Sunday, April 5, 2009

Review of the Cornerstone Biblical Commentary

Tyndale publishes the NLTse bible. The cornerstone is a commentary series designed for a verse for verse walk through.

As they put it
The Cornerstone Biblical Commentary provides students, pastors, and laypeople with up-to-date, evangelical scholarship on the Old and New Testaments. It’s designed to equip pastors and Christian leaders with exegetical and theological knowledge to better understand and apply God’s word by presenting the message of each passage as well as an overview of other issues surrounding the text.

The book studies open up with a long introduction, an expanded version of what you would find in a good study bible. The bulk of the books consist of a small passage from the bible (about 5 verses) then a long series of translation notes followed by an exegetical commentary. The closets analogy I can think of is Zondervan's Expositor's Commentary for the NIV.

Really as I see it, this series consists of two books woven together. The translation commentary gives an "official" translation explaining the NLTse. Where they stood on various translation issues, why they translated the way they did. What is nice about it is that while it address the Greek it doesn't assume Greek. It is clearly designed to explain reasons choices were made assuming the reader isn't aware of those choices. It explains shades of meaning the translation couldn't capture because of the inevitable choices made in translation. For a church leader of a church which uses the NLT as their bible this makes the series an absolute no brainer purchase. I should point out though there is very little discussion of manuscripts or how the underlying Greek was choosen. The translation commentery will not replace a more serious original languages commentery like NIGTC. But unlike NIGTC the average Christian reader can read Cornerstone comfortably.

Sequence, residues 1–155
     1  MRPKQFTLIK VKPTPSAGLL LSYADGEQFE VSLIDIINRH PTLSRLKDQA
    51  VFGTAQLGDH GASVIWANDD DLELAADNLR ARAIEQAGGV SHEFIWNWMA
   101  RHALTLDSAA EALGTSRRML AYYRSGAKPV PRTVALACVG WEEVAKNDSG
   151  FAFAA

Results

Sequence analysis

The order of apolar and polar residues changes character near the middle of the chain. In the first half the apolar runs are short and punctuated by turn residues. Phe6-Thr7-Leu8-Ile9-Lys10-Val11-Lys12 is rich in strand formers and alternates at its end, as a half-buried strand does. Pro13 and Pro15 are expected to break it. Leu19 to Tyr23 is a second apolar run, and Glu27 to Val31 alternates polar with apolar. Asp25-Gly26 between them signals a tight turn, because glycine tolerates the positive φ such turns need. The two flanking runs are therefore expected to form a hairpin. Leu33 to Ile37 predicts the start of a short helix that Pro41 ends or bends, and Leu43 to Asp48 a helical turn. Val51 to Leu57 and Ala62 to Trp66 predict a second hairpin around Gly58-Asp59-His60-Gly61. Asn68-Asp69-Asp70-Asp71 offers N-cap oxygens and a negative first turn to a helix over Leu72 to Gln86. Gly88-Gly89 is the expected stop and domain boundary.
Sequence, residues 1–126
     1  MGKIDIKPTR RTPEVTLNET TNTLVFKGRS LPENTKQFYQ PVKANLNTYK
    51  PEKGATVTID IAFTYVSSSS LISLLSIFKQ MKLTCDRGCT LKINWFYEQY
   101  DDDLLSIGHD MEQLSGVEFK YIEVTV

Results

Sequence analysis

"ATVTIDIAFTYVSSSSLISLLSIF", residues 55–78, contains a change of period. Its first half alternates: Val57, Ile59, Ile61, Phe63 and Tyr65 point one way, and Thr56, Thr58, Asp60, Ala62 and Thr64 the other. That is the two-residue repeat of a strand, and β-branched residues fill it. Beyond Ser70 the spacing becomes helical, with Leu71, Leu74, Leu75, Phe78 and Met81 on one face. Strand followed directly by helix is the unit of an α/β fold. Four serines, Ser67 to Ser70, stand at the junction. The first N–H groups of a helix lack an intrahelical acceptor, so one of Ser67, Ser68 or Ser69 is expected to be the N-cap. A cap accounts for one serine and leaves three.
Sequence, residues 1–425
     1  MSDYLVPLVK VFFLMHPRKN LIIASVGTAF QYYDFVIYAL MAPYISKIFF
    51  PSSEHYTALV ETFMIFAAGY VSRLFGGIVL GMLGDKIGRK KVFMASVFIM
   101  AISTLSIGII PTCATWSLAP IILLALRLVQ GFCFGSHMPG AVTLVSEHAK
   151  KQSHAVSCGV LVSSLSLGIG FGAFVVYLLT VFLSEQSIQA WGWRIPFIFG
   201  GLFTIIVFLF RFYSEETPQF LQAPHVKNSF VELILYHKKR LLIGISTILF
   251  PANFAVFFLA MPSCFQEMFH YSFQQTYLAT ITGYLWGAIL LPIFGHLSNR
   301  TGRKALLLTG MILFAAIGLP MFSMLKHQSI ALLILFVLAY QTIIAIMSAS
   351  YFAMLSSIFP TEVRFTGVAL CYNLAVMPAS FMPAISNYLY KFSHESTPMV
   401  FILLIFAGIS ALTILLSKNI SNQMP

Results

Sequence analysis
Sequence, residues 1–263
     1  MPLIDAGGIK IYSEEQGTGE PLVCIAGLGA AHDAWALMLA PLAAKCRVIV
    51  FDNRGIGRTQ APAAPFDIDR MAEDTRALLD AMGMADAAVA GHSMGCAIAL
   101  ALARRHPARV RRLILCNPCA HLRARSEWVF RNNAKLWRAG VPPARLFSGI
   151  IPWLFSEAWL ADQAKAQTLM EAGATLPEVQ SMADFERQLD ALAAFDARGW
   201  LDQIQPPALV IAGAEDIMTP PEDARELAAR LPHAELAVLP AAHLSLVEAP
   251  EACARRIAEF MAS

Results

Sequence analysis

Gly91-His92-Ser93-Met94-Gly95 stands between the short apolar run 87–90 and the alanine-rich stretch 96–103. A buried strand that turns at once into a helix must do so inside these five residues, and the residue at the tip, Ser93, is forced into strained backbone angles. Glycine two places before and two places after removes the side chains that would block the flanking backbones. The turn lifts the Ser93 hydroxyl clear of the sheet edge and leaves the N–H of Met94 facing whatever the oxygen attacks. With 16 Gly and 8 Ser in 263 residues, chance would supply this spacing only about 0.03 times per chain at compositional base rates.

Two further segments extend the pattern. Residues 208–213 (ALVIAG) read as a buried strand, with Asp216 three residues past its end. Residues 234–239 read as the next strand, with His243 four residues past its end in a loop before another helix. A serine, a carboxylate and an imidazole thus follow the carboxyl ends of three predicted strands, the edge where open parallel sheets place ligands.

The second bulk of the book is commentery on the content. This definitely is theologically narrow in the sense it works strictly from a modern evangelical protestant viewpoint. The tone is "the passage means" where the meaning is what one would find in a good evangelical commentery or sermon. Alternate views of passages are not covered. Scholarly views are not covered. The introductions frequently assume all sorts of points. For example the introduction to the Pastoral Epistles mentions counter arguments to Paul's authorship in a sentence and then gives a one paragraph apologetic in response. Which is all to say that Cornerstone is a very good evangelical study bible but I can't call it a work of scholarship. What it does do though is alert the reader to where there is scholarship on various issues. Where I think Cornerstond works really well, would be for church bible study groups, and self directed study. Again since the average knowledgeable Christian can read cornerstone well they can get a great deal more depth without having to dig into various manuscripts or 30 footnotes on obscure academic papers. It also might be very useful for preparation for expository preaching, yet another reason for a church leader in an NLTse congregation to buy it. The intent is to hit the major points from an evangelical perspective, not to explicate the major points in the secondary and academic literature like Baker's or NIGTC would which is what a pastor is going to be looking for.